Michael has decided to use “a more fair” publishing approach where the book has 2 prices: a minimum and a suggested price. Based on that, the potential buyer is free to decide how much he wants to pay. This approach gives the buyer the ability to decide how much s/he think the book is really worth but this also gives the author more financial rewards as there is no intermediary between the publisher and the author.

A great deal of the book has already been written (+240 pages) but Michael is planning to add extra content.  You can read a sample here. "Web Development with Java and JSF" is available in the usual eBook formats (PDF, Mobi, ePub) and once you've bought it, you are entitled to get the updated versions for free.

Wednesday Nov 12, 2014

Java EE @ NFJS Pacific Northwest Software Symposium Seattle

As some of you may be aware I recently joined the well-respected US based No Fluff Just Stuff (NFJS) Tour. The NFJS Pacific Northwest Software Symposium was held October 17 - 19 in Seattle, Washington.

I had five talks total over two days, more or less back-to-back. I did talks on Java EE 7/Java EE 8, the Cargo Tracker Java EE Blue Prints, JavaScript + Java EE, Java EE + NoSQL as well as WebSocket. More details, including slide decks and code as well as my NFJS tour schedule, posted on my personal blog.

Monday Nov 03, 2014

Java EE @ NFJS New England Software Symposium Boston

As some of you may be aware I recently joined the well-respected US based No Fluff Just Stuff (NFJS) Tour. The NFJS New England Software Symposium was held September 19 - 21 in Boston. This is one of the larger NFJS shows and attendance at the show and my sessions was pretty good. It is always encouraging to see the same folks attend more than one talk. On my way to the show I also stopped by at the Connecticut Java User Group. The JUG is led by my friend and co-author for EJB 3 in Action Ryan Cuprak. I've spoken at the JUG a number of times over the years and it was good to be back.

I had five talks total over two days, more or less back-to-back. I did talks on Java EE 7/Java EE 8, the Cargo Tracker Java EE Blue Prints, JavaScript + Java EE, Java EE + NoSQL as well as JMS 2. More details, including slide decks and code as well as my NFJS tour schedule, posted on my personal blog.

Monday Oct 27, 2014

MyBatis-CDI: Persistence Alternative for Java EE

ORM is a by and large proven technique that has been around for a long time now (believe it or not TopLink was created in the early nineties for Smalltalk and then ported to Java). It maximizes code flexibility and database independence while minimizing boilerplate code and allowing the construction of rich domain models. Even for relatively complex domain models and queries, ORM engines tend to generate better quality SQL optimized to the underlying database than the average Java developer would with considerable time and effort. This is precisely why JPA is the persistence standard for Java EE and why a majority of modern server-side applications use ORM (indeed almost every other major development platform including .NET and Ruby on Rails positions ORM as it's default persistence solution).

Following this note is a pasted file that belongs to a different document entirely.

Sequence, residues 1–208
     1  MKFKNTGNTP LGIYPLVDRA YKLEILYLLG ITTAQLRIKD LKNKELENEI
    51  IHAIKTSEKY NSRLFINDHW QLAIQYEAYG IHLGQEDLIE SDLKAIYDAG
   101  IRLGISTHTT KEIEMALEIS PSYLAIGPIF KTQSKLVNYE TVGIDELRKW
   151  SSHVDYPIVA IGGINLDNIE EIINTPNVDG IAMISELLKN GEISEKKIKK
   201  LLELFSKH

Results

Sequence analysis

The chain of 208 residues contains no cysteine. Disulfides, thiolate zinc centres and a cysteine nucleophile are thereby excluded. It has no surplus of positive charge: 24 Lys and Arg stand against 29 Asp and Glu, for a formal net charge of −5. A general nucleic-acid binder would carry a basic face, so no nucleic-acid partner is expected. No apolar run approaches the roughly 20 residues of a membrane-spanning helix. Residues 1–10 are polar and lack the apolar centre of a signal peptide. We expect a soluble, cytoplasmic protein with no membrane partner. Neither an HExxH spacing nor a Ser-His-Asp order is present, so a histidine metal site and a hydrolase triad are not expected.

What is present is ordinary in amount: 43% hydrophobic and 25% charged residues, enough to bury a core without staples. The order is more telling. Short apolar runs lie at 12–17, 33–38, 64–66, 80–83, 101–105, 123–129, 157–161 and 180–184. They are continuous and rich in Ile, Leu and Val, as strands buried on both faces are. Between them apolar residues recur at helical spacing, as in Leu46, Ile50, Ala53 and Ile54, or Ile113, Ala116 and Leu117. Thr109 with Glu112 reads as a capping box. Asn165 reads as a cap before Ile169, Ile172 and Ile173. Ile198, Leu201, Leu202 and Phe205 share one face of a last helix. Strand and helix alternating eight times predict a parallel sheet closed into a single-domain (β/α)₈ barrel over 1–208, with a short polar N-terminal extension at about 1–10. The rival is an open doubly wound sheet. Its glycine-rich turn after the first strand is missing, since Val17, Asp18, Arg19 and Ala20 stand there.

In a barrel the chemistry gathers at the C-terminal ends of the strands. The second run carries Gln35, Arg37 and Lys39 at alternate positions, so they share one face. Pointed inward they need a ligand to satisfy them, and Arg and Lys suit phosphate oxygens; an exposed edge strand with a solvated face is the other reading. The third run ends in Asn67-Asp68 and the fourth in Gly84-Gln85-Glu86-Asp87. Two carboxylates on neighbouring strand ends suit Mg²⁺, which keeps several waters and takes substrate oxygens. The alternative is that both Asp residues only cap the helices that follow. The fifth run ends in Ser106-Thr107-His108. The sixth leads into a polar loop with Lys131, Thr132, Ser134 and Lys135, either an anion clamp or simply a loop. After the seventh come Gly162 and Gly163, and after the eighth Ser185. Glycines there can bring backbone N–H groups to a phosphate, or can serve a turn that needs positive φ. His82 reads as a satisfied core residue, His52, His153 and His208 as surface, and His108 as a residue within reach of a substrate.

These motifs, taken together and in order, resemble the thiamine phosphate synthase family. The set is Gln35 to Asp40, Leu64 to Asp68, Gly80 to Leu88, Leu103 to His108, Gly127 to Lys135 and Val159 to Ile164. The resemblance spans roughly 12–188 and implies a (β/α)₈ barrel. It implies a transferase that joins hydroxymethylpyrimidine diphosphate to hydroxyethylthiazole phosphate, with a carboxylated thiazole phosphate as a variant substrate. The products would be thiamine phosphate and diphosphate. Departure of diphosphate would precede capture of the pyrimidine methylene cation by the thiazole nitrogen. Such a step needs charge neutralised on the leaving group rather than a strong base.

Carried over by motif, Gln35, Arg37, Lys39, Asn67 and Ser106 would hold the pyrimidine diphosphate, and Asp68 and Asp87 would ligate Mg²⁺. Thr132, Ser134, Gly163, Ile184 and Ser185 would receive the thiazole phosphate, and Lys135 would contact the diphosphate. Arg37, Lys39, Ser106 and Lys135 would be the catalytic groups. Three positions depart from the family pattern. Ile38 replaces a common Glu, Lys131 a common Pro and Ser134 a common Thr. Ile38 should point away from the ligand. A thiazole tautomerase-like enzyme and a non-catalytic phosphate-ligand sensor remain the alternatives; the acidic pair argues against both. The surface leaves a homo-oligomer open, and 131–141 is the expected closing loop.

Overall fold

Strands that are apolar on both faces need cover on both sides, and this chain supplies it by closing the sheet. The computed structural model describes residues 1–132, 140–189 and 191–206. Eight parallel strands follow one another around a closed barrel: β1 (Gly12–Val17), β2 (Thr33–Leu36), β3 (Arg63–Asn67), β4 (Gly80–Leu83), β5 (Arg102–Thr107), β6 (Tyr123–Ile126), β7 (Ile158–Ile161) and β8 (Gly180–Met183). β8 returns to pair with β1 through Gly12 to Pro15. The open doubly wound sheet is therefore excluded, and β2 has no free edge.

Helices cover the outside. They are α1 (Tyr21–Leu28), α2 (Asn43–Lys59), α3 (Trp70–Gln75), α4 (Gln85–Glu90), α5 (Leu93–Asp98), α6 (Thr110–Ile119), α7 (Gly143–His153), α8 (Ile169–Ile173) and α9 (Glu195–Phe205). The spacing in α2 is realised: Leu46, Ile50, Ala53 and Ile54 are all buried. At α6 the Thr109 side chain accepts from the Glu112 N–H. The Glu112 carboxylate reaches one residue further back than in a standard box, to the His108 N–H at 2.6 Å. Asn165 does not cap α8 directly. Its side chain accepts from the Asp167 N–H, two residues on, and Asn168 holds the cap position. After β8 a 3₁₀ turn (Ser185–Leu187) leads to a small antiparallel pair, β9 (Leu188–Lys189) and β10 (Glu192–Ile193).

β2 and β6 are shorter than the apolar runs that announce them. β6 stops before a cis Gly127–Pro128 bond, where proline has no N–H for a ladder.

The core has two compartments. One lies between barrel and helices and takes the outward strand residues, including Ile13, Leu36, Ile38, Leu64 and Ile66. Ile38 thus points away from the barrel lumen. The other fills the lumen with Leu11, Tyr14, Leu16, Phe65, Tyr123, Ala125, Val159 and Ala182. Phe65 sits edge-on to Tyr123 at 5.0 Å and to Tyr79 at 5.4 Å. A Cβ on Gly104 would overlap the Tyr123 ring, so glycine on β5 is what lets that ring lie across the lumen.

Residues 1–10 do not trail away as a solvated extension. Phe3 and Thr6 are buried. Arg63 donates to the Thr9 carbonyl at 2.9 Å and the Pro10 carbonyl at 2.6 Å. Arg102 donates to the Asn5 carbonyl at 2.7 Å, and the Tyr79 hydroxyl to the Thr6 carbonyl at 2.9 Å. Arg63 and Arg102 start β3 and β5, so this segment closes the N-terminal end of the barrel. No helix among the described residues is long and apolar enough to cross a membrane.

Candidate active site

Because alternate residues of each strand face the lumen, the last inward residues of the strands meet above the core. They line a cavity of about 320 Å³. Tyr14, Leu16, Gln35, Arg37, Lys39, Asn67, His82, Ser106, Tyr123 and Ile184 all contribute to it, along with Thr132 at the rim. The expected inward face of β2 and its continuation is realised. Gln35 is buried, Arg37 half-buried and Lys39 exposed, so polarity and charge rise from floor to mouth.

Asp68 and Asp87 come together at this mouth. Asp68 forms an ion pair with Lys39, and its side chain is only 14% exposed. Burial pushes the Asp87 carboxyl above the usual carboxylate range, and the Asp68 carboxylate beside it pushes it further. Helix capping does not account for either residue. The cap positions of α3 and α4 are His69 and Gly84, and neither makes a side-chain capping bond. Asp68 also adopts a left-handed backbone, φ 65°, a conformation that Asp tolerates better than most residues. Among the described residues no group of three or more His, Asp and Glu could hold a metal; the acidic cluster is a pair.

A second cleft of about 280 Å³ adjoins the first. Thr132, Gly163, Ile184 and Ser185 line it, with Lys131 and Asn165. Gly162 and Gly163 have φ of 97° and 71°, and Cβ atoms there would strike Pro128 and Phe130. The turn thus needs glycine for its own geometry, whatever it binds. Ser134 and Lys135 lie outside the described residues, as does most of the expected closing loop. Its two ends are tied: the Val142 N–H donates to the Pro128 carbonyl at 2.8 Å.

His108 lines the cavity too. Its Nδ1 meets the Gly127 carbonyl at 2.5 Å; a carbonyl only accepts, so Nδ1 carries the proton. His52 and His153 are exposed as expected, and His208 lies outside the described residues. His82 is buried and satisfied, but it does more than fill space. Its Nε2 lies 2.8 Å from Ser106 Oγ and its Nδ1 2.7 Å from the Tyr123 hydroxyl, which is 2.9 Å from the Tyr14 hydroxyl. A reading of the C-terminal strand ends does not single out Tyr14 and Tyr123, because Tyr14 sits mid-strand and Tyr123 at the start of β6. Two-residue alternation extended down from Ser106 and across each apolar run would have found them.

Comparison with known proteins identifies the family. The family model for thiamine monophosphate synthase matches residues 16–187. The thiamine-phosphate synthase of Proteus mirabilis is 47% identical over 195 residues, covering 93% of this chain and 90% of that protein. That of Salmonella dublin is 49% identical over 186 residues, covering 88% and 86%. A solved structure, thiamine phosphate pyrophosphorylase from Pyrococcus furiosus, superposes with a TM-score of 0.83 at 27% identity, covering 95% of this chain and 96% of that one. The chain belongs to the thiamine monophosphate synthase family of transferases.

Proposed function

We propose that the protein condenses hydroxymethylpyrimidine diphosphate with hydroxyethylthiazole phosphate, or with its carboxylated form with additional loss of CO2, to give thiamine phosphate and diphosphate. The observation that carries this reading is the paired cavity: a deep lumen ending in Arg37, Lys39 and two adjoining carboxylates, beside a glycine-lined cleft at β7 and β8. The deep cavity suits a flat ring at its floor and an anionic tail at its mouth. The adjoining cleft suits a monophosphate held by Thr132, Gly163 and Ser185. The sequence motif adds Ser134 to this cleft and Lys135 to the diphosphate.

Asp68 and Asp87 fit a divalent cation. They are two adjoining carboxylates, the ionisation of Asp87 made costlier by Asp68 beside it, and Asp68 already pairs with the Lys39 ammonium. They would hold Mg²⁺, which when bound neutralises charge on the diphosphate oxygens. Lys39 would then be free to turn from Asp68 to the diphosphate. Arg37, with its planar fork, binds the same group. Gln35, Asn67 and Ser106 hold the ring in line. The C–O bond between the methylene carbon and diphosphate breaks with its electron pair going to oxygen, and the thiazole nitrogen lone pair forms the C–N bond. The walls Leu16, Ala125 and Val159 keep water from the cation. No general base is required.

That being said, there can certainly be cases where using hand-written native SQL is necessary or desirable. Most people don't seem to realize it, but JPA has always included very good support for native queries to meet these use cases (JPA 2.1 now even includes formal support for stored procedures - the ultimate form of database bound query execution). If you weren't aware of this, you should definitely read Taudo Wenzel's excellent write-up on using JPA native queries to generate reports (a common use case for native queries).

In fact you have other options for native SQL centric persistence in Java EE applications. One of the nicest ones is MyBatis-CDI. It provides a very nice CDI based abstraction for MyBatis, making it extremely easy to use in Java EE applications (in case you are wondering MyBatis is the successor to the old iBatis project). Here is how simple MyBatis CDI code can look like:

In addition to JTA transactions, MyBatis-CDI also supports local transactions. I've personally also successfully used Apache Commons DbUtils with CDI to quickly port over a legacy application with tons of hand-written SQL to Java EE/GlassFish.

Friday Aug 22, 2014

Java EE @ NFJS Central Iowa Software Symposium Des Moines

As some of you may be aware I recently joined the well-respected US based No Fluff Just Stuff (NFJS) Tour. The NFJS Central Iowa Software Symposium was held August 8 - 10 in Des Moines. The Des Moines show is one of the smaller ones but still was good overall. It is one of the few events of it's kind that take place this part the country so it is extremely important.

I had five talks total over two days, more or less back-to-back. I had decent attendance for all my sessions and had many of the same folks staying for multiple sessions which is always a very good sign. I did talks on Java EE 7/Java EE 8, WebSocket, the Cargo Tracker Java EE Blue Prints, JavaScript + Java EE and NoSQL + Java EE. More details, including slide decks and code as well as my NFJS tour schedule, posted on my personal blog.

Friday Aug 15, 2014

Java EE@Java Day Taipei 2014

Java Day Taipei 2014 was held at the Taipei International Convention Center on August 1st. Organized by Oracle University, it is one of the largest Java developer events in Taiwan. This was another successful year for Java Day Taipei with a fully sold out venue. In addition to Oracle speakers like me, Steve Chin and Naveen Asrani, the event also featured a bevy of local speakers including Taipei Java community leaders. Topics included Java SE, Java EE, JavaFX and Big Data.